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Avocados may be fatty, but that doesn't mean that they are bad for your health.
In fact, this fruit is a nutritional powerhouse providing numerous potential health benefits.
Its creamy texture and rich taste make it a common ingredient in many dishes. It is probably most well known for being a key ingredient in the Mexican dip "guacamole".
Because of its high fat content, avocado is also used as a meat substitute in sandwiches and salads.
But what makes this fruit so good for you?
This Medical News Today information article provides a nutritional breakdown of avocados, details on some of the potential health benefits associated with its consumption, as well as any risks or precautions that you should be aware of.
Healthy fats - fats account for around three quarters of the calorie count of an avocado. Most of it is monounsaturated fat, in the form of oleic acid. Monounsaturated fat is considered to be a "good fat" which reduces levels of bad cholesterol in your blood and lowers your risk of stroke and heart disease.12
Protein - an average avocado contains around 4 grams of protein, which is much more than most other fruits.
Sugar - avocado's sugar content is low compared to other fruits. Half an avocado contains approximately 0.2 g of sugar.
Vitamins and minerals - avocados are an excellent source of potassium (containing more per weight than bananas). In addition, avocados are rich in vitamin K, Vitamin B9, vitamin B6, vitamin B5 vitamin C, and vitamin E.2
Dietary fiber - a medium avocado contains 11 grams of fiber, which is close to half of the daily recommended minimum intake.3
Apart from being an excellent source of fiber and vitamins, research suggests that there may be a number of other benefits associated with the fruit, including: lowering cholesterol levels, reducing the risk of diabetes, promoting lower body weight, and preventing cancer.
Avocados may help lower cholesterol
Research suggests that eating avocados could help lower levels of bad cholesterol. A study published in the Archives of Medical Research found that an "avocado enriched diet can improve lipid profile in healthy and especially in mild hypercholesterolemic patients, even if hypertriglyceridemia (combined hyperlipidemia) is present."4
After a week of following the avocado enriched diet the patients experienced a 22% decrease in bad cholesterol and triglyceride levels and an 11% increase in good cholesterol.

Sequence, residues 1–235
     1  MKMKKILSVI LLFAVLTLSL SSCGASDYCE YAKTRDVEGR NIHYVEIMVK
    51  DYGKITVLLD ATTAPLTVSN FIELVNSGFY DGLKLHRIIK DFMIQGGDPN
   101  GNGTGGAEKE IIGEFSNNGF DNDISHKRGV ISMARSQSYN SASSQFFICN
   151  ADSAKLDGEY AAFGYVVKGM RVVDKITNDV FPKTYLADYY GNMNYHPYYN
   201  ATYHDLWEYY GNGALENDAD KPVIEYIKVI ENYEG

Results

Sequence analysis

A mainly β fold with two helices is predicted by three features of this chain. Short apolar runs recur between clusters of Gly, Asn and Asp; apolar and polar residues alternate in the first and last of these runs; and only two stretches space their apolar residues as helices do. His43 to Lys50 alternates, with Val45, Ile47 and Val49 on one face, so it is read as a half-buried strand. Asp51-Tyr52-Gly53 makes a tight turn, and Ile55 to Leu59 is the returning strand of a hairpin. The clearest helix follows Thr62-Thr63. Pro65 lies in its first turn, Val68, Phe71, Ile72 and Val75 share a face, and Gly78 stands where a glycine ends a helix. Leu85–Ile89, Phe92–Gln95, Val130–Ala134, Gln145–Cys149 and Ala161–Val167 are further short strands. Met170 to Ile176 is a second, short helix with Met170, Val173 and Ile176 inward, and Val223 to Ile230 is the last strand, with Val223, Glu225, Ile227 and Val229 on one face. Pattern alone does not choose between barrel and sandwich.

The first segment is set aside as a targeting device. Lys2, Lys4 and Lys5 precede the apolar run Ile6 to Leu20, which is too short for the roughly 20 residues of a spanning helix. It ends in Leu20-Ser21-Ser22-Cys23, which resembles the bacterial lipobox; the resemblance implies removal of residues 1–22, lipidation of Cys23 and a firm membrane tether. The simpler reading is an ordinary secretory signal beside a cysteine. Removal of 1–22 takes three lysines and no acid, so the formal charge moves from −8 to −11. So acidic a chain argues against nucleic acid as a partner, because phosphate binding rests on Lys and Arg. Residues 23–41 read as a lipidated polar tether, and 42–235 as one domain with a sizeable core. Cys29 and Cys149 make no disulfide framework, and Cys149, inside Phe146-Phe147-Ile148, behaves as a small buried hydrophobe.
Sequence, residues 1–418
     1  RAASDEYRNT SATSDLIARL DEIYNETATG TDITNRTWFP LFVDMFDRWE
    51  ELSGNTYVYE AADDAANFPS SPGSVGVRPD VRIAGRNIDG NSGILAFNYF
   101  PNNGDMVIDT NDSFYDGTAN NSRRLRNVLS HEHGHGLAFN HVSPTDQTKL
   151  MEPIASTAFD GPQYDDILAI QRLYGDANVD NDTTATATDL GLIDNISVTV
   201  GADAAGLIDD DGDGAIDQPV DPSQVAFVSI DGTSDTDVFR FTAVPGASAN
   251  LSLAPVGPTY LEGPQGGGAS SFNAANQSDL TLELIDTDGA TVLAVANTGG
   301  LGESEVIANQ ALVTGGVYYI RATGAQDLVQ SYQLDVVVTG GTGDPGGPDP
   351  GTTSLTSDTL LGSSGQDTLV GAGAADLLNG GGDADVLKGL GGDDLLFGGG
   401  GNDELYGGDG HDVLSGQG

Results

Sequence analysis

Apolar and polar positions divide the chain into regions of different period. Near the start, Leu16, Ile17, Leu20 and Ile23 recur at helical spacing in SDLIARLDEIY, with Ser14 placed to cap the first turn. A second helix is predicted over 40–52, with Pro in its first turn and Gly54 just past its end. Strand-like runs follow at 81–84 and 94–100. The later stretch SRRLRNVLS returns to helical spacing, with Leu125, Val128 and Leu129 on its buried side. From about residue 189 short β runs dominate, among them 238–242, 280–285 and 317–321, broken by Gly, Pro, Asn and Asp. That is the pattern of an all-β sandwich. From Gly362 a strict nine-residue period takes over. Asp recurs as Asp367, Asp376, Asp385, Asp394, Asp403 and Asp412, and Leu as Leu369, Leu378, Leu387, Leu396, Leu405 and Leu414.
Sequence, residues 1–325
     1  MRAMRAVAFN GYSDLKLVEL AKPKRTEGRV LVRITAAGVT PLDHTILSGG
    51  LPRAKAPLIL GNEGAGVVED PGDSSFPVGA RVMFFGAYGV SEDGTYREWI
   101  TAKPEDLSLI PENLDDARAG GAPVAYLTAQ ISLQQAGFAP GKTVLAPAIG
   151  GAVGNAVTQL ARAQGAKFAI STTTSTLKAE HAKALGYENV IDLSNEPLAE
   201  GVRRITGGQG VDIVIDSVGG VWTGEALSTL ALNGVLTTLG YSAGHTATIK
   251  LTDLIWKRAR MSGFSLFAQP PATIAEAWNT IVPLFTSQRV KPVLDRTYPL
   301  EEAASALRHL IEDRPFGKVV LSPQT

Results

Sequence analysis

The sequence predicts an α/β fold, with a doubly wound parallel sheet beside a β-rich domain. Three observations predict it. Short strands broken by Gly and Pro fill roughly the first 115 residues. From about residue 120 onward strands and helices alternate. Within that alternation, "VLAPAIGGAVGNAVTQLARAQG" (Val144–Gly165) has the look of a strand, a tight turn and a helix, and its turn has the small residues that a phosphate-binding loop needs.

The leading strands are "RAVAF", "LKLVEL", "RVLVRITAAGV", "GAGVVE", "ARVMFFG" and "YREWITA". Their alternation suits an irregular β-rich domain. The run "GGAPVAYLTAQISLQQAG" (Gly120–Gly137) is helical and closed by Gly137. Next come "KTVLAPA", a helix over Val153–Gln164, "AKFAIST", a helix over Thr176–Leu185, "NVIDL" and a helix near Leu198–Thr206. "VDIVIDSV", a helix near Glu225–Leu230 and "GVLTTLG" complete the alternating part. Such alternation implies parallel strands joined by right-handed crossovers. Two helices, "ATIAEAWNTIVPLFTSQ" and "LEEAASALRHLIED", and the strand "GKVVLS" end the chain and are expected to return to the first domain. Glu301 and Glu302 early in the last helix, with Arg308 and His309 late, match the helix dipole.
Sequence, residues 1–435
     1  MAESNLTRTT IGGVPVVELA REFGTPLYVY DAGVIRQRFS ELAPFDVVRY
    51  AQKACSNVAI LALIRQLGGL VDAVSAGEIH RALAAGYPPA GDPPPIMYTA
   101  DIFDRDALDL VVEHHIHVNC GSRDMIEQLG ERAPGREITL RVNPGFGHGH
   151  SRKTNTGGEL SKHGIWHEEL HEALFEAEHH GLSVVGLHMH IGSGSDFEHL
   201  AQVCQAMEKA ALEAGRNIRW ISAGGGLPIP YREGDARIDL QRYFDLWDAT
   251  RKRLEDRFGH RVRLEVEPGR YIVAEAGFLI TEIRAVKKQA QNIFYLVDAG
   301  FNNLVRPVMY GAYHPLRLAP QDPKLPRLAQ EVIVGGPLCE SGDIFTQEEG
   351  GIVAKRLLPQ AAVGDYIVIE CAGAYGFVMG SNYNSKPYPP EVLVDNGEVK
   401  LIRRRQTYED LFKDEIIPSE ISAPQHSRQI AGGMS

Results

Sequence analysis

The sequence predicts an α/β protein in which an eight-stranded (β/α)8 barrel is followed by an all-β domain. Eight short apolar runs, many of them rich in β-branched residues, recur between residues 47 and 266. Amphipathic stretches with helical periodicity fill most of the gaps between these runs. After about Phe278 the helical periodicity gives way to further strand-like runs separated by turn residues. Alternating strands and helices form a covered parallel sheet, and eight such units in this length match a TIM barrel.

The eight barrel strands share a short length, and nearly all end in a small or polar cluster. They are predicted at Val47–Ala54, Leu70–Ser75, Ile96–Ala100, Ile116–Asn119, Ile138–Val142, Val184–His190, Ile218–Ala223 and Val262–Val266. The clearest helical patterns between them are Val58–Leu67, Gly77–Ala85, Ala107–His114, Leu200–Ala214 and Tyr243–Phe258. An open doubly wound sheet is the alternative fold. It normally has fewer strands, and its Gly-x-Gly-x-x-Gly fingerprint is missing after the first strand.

Avocados may reduce the risk of diabetes, stroke, and coronary artery disease
Metabolic syndrome is name for a group of symptoms that increase the risk of diabetes, stroke, and coronary artery disease. One study, published in the Nutrition Journal assessed the link between avocado consumption and metabolic syndrome.5
The scientists concluded that "avocado consumption is associated with improved overall diet quality, nutrient intake, and reduced risk of metabolic syndrome."
Avocados may promote a healthy body weight and BMI
The same study (as the one referenced above), titled "Avocado consumption is associated with better diet quality and nutrient intake, and lower metabolic syndrome risk in US adults", also found that people who ate avocados were more likely to have a lower body weight, BMI (body mass index), and waist circumference.5
Avocados may help prevent cancer
Avocados are rich in phytochemicals, which have been reported to help prevent the development of certain cancers. A team of scientists who examined the the chemopreventive characteristics of avocados concluded that "individual and combinations of phytochemicals from the avocado fruit may offer an advantageous dietary strategy in cancer prevention."6
Despite being very rare, avocado allergies do exist. According to a case report published in the journal Allergy, Asthma & Clinical Immunology, avocado allergies are associated with "coughing, wheezing, nasal stuffiness, generalized urticaria and periorbital edema."7
It is important to consult your doctor if you begin to experience any unpleasant side effects after eating avocado.
Written by Joseph Nordqvist
Copyright: Medical News Today
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Nordqvist, Joseph. "What are the health benefits of avocados?." Medical News Today. MediLexicon, Intl., 21 Dec. 2013. Web.
23 Apr. 2014. <http://www.medicalnewstoday.com/articles/270406>
Nordqvist, J. (2013, December 21). "What are the health benefits of avocados?." Medical News Today. Retrieved from
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